3 Signs of Work Burnout and How to Recover
Work burnout can manifest in different ways. Learn what they are and what you can do about them in this article. Read it now!
Work burnout is a term that many people throw around casually these days. Psychologist Herbert Freudenberger used it in 1874 to describe an elevated level of stress that robs you of motivation, confidence, and pleasure from performing day-to-day activities.
Work burnout typically peaks during the holiday season — perhaps when you chase annual targets – and spills over to the succeeding year. It can affect your mental, physical, emotional, and even social well-being.
Are you just in a slump, or are you going through work burnout? How can you recover from it? To know the answers, keep reading.
Work Burnout Sign #1: You Start to Lack Things
The tell-tale sign of burnout is a , which magnifies your other insecurities and creates new ones. When you experience work burnout, you probably find yourself struggling to maintain things with which you never had issues. Your patience, for example, may be a lot shorter than before. Incidents that you let slide previously now affect you a great deal. You might have a hard time letting go of minor issues.
You may also notice your enthusiasm for work diminish. Instead of eagerly jumping into each new task, you find yourself waiting around for instructions instead of actively seeking them out.
Your focus takes a hit when you struggle with work burnout. Signs of this include forgetting crucial things, the inability to accomplish on tasks for a sustained period, and just generally spacing out instead of doing what you must.
Altogether, these have a massive impact on what you do in the workplace. If you don't find your groove and handle your burnout, your problems may snowball.
Work Burnout Sign #2: You’re Always Tired And Unwell
While burnout usually begins internally, it can affect your physical health. You likely feel tired and drained all the time, even if you had the correct number of sleep hours. You may not have gotten quality rest if you were subconsciously dwelling on the reasons behind your burnout.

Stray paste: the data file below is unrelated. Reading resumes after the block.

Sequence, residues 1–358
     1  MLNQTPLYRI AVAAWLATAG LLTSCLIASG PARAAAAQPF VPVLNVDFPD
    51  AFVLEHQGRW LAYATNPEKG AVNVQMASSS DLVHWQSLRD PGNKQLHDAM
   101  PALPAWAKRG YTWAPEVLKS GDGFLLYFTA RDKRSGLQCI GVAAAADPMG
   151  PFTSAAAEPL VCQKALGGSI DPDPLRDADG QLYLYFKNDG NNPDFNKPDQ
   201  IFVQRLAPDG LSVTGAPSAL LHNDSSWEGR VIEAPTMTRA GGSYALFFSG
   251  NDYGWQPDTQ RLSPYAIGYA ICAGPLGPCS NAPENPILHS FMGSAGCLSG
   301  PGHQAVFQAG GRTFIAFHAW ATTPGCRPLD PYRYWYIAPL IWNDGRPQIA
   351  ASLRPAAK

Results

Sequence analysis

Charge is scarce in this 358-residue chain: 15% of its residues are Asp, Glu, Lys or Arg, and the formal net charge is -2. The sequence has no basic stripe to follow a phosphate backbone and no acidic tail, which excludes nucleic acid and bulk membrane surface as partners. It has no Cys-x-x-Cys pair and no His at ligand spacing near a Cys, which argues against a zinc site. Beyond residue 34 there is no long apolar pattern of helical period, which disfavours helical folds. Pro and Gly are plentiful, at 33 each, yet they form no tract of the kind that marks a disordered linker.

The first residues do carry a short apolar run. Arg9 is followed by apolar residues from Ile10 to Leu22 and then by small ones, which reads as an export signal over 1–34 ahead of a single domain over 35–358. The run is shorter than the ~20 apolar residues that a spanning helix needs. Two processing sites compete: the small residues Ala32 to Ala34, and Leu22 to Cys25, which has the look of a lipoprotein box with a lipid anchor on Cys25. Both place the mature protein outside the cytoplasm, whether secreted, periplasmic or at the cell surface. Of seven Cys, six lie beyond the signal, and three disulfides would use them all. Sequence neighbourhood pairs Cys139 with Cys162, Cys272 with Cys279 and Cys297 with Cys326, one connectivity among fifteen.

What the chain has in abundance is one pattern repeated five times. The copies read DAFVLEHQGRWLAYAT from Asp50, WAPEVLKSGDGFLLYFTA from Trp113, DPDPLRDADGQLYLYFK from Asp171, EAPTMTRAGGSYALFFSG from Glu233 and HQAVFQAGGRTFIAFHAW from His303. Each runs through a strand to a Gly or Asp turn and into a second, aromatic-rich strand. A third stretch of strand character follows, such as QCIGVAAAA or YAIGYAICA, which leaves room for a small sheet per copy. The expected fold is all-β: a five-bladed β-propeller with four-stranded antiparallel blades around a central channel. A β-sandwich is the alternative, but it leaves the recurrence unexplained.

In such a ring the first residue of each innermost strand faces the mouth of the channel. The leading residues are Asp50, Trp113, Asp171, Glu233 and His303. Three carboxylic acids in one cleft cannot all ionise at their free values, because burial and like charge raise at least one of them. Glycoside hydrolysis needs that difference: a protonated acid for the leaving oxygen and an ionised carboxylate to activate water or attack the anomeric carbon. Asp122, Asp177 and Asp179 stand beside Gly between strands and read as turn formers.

It could even lead to you getting sick a lot more than usual, which in turn will impact your work. It might not take the form of fever or other common illness, as it could manifest as a general feeling of not being well (even if you can’t determine one particular symptom).
Such health issues could be triggered by your inability to rest well, although the mental impact of experiencing work burnout could be an aggravating factor. Burnout can even cause you to dread going to your workplace because you’re afraid of what you’ll experience when you get there.
Work Burnout Sign #3: You Stop Caring
Do you still care about what you do? From trying your best to get work done well in the shortest possible time, you end up going through the motions without really doing your best.
Feedback and even evaluations from your supervisor may mean little to you at this point, and you could even begin adopting a come-what-may attitude towards your future at the company.
You could also find yourself withdrawing from the healthy relationships you have with your teammates and the people you regularly work with. Lack of enthusiasm or even unwillingness to join team activities, whether work-related or social, are other manifestations of this.